netg
Oct. 17, 2011, 03:36 PM
Yeah since my pony discovered that he could use his back, he has declared that bucking is really fun and helps him to loosen up those joints and muscles. Now I have to be utter careful when asking for a canter depart; anything more than a brush with my heel produces a yeehaa, and buck buck buck, before he jumps forward into a beautiful canter. Forget about spurs if I plan to remain in the saddle. And this was one lazy pony only a year ago, whom I couldn't get a freaking canter to save our lives. grrr.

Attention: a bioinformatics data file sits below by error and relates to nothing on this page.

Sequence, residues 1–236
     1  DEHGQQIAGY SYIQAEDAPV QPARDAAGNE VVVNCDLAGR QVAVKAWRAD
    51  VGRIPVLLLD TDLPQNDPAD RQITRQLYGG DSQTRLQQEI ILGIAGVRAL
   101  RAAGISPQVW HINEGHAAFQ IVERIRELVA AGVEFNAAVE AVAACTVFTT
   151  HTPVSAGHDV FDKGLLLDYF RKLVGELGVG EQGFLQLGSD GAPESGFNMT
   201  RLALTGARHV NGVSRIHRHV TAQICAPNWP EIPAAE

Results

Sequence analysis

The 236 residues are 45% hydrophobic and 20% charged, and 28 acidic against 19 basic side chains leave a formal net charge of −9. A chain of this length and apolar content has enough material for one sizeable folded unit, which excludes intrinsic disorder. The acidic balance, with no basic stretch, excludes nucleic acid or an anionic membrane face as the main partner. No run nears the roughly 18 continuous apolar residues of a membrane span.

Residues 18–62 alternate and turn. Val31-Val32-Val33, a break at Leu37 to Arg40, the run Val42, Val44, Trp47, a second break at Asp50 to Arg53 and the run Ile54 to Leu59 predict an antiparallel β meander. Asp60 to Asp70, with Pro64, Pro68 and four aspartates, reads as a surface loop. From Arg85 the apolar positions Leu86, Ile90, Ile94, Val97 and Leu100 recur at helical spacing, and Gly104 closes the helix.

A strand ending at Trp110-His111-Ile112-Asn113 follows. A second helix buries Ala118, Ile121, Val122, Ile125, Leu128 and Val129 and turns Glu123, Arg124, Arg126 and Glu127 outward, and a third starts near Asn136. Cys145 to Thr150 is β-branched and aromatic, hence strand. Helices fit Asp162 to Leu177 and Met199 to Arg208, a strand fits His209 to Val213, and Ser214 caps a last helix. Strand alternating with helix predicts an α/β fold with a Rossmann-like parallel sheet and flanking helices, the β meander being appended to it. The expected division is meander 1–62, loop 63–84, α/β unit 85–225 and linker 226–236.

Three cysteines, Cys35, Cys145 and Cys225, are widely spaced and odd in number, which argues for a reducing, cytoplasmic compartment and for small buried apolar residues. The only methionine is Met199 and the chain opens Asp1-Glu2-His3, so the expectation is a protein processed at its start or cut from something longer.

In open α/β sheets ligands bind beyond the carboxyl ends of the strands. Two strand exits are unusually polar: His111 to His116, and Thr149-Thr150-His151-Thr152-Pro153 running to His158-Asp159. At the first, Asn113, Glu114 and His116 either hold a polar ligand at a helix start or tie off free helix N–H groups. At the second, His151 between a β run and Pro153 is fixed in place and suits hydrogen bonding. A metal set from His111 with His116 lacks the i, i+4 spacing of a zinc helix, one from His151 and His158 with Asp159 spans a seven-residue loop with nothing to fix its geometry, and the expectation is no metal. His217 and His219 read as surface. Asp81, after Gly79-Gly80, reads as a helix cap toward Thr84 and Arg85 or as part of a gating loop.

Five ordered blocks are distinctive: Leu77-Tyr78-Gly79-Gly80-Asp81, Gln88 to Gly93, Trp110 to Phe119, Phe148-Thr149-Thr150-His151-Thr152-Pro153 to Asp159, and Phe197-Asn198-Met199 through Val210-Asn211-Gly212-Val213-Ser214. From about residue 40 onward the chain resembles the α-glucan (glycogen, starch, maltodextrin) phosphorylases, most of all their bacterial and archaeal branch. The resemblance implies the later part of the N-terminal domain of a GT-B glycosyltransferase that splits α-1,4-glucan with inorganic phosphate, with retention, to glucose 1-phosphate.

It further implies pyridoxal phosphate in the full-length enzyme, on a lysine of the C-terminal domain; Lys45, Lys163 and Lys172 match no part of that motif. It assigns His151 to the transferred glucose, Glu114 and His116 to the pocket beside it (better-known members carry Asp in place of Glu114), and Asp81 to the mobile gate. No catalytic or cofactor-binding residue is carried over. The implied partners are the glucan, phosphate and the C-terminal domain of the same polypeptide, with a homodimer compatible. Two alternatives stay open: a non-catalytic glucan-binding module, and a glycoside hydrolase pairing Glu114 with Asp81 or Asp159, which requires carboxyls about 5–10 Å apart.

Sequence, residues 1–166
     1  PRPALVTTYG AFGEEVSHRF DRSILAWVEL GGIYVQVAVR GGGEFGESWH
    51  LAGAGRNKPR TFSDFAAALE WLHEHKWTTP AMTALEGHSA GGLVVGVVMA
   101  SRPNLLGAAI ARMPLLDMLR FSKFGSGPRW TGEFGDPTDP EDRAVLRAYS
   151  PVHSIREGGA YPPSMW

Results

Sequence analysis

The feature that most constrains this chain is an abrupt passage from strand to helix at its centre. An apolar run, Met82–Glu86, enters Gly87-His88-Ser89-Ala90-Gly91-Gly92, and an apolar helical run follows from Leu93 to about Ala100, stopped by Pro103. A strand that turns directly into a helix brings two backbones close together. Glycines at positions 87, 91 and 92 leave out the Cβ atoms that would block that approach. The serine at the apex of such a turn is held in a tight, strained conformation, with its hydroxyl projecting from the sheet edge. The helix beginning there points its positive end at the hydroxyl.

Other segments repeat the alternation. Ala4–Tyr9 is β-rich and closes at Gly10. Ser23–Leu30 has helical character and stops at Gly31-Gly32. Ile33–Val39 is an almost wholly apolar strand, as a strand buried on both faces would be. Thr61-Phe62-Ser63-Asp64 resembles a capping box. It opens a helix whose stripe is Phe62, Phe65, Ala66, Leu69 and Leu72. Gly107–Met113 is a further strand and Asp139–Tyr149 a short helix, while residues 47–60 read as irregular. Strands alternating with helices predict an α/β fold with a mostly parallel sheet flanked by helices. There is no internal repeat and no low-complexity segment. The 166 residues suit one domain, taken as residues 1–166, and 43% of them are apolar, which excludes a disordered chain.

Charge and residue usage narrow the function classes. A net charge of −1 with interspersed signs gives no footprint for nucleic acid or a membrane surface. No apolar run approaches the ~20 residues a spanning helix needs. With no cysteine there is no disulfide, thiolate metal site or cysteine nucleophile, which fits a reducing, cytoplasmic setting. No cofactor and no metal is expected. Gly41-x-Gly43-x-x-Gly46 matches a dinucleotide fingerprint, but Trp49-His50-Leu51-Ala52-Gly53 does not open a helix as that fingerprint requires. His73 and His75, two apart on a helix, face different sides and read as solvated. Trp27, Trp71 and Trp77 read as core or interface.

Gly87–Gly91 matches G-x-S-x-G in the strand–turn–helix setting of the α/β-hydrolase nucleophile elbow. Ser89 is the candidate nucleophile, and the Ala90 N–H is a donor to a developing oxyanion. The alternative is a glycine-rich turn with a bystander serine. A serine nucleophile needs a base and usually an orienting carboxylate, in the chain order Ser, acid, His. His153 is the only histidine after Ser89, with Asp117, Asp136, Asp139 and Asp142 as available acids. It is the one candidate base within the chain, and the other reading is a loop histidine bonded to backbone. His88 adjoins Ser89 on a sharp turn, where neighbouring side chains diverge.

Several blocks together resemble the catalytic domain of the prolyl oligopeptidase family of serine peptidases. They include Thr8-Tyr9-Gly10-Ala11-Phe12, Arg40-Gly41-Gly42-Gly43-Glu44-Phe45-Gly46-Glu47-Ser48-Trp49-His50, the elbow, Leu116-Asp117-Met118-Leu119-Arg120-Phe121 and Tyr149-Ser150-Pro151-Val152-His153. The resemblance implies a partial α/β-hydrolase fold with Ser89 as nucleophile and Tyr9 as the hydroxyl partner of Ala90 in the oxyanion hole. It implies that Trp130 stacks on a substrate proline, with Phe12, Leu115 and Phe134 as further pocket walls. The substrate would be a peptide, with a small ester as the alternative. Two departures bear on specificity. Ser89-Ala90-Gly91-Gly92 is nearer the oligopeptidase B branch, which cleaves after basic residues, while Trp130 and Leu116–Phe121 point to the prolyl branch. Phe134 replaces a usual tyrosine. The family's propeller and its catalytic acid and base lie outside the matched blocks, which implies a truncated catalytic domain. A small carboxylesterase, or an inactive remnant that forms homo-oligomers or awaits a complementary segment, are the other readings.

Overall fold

Oh, I don't actually use my legs for canter departs anymore. A slight hold with my outside leg so he stays straight maybe, ask him to lift inside shoulder, maybe. But using anything besides my seat to ask for the actual transition = BUCK. He does use himself better and canter more nicely after a good buck, because it seems to get his adrenaline going. I refer to it as getting him above my leg...


As for collection, since its always asking for more power and more strenght, don't forget about muscle soreness and the horse becoming tired a bit more easily. They are big, muscled up to do the job but still, it is new and it needs time for them to adjust and be able to stay collected for a longer period of time. Massage is your friend! :D